call: 020 7760 751858 South Molton Street, Mayfair, London W1K 5SLOpen: Monday - Friday, 9am-6.30pmContact therapist for free 15-min consultation

Acceptance and Commitment Therapy (ACT)

What is Acceptance and Commitment Therapy (ACT)?

ACT is a relatively new concept in the field of psychotherapy and is one of the therapy types offered by Fresh Mind Therapy complimentary to Cognitive Behavioural Therapy.

The goal of ACT is to promote healthy behaviour in the face of challenging situations. Often, when personally triggering events occur, we attempt to control or avoid the painful emotions attached to that event. Unfortunately however, rather than saving us from negative sensation, this encourages damaging and isolating behaviour which goes on to affect our relationships and self-esteem long-term. Therefore ACT is less concerned with eliminating unwanted thoughts, and more concerned with cultivating psychological flexibility and acceptance. The ACT model predicts that people are most effective when able to:

  • Quickly accept automatic thoughts, sensations and urges
  • Naturally evaluate their thinking and disarm triggers e.g. observe thoughts without believing them or following their signal
  • Experience themselves as a continuous, stable observer of their own psychological experiences
  • Attend to the present moment with self-awareness
  • Clearly articulate their personal values
  • Engage in authentic action e.g. participating in activities consistent with personal values, even when psychologically challenged

How does this help me with my issues?

ACT is based on the idea that, generally, trying to rid ourselves of pain and distress only increases it, and can turn it into something traumatic.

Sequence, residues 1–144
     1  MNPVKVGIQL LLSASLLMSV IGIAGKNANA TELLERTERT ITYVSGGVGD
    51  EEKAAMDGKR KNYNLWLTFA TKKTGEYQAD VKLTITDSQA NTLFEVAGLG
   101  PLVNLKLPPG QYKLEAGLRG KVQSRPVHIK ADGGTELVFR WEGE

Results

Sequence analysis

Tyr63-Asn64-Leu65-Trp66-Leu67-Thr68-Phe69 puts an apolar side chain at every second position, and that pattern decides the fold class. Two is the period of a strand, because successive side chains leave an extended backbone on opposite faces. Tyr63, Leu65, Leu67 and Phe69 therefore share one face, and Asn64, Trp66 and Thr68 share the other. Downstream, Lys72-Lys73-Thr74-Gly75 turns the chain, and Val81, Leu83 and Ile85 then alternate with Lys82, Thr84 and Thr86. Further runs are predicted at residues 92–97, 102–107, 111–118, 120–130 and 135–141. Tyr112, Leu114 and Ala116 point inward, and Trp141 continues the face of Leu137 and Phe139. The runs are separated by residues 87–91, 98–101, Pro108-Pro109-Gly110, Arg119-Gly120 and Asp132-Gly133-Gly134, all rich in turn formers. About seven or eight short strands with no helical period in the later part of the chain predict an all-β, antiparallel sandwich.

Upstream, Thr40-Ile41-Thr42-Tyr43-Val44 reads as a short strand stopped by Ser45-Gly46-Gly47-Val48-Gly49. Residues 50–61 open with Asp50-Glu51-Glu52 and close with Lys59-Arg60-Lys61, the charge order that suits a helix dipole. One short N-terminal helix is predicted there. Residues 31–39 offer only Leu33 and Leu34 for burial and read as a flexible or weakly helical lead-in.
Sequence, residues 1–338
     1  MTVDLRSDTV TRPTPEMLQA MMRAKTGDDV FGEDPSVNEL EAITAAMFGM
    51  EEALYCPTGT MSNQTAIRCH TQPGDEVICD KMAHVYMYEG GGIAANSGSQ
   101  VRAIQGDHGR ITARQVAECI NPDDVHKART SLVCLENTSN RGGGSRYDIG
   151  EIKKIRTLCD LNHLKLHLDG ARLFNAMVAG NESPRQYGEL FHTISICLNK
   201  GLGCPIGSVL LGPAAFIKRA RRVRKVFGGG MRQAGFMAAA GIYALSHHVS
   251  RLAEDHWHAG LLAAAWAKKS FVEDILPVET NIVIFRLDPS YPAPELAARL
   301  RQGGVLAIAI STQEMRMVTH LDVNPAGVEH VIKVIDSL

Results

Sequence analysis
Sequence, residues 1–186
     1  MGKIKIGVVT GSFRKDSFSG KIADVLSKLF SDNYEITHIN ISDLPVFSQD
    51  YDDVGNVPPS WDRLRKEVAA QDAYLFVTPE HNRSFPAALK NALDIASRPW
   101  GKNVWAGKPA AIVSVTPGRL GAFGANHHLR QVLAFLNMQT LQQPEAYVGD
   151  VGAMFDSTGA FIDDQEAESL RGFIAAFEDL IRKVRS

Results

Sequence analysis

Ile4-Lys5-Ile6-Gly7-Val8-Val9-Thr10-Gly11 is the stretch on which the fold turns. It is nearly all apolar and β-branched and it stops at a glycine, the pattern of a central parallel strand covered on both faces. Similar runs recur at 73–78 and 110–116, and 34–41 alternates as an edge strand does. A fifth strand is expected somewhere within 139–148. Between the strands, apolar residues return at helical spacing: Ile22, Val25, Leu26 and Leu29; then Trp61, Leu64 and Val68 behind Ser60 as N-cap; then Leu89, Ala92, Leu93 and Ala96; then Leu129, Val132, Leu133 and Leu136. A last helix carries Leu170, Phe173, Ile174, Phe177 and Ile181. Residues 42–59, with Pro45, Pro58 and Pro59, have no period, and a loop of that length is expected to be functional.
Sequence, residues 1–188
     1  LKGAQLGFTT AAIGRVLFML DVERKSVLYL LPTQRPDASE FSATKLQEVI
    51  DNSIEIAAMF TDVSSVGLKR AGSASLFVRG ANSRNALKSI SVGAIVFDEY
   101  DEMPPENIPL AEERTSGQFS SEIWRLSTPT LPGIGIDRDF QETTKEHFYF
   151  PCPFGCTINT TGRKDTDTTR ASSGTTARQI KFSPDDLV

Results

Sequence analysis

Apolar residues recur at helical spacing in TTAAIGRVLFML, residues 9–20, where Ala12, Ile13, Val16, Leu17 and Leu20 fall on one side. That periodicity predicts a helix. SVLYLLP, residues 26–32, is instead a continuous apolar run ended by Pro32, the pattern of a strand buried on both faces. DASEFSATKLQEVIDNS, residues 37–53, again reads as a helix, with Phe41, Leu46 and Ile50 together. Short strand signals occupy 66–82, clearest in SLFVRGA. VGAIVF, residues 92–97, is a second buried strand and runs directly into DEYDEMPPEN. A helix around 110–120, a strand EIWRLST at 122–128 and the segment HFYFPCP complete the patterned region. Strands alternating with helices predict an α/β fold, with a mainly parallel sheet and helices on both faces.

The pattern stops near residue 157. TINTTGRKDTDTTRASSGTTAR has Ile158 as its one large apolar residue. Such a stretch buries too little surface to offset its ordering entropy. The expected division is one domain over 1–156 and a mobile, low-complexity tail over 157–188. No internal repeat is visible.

By accepting your experience and learning to make room for painful feelings, thoughts and sensations, you can be empowered to overcome your issues.

What kinds of issues does ACT best help with?

PTSD: ACT is considered a particularly effective treatment for those suffering from Post Traumatic Stress Disorder (PTSD link).

It promotes moving forward through the acceptance of a traumatic event, rather than attempting to change the feelings surrounding it

Depression and Anxiety: Act is found to be effective in treating depression and anxiety symptoms as clients gain the skills to reframe and accept their presenting issues and develop greater psychological flexibility

Chronic Pain: It is also commonly used to treat chronic pain through helping individuals to accept their pain and therefore be able to take the appropriate action to deal with it

What happens in a typical ACT session?

During ACT sessions, we teach you three lasting behavioural practises you can use both in and outside of the therapy room:

  • Mindfulness – Exercises to practise paying attention to the present experience and to learn to accept thoughts and feelings empathetically and without judgement
  • Acceptance – Allowing difficult feelings and memories to be present without a negative urge to control or avoid them
  • Commitment – Recognition of the values that nurture and support you and a subsequent commitment to a desired behavioural change

How does ACT differ from Cognitive Behavioural Therapy (CBT)?

If CBT is about challenging distressing thoughts and behaviours, in ACT, the thoughts are first accepted as feelings in their own right and then neutralised using a variety of techniques which may include mindfulness, acceptance and commitment.

More about Acceptance and Commitment Therapy

ACT is a relatively new form of psychotherapy based on Hayes’s relational frame theory which was pioneered in the mid 1990s and developed out of behavioural analysis and Cognitive Behavioural Therapy (CBT link).

ACT works with the notion that pain and suffering are a normal and even healthy part of our human experience. Using this approach, we can therefore teach the client to notice, accept and embrace all of their experiences, whether positive or negative and to respond to them in a healthy way.

Booking an appointment

If you would like an appointment with one of our therapists in Central London please contact Fresh Mind Therapy.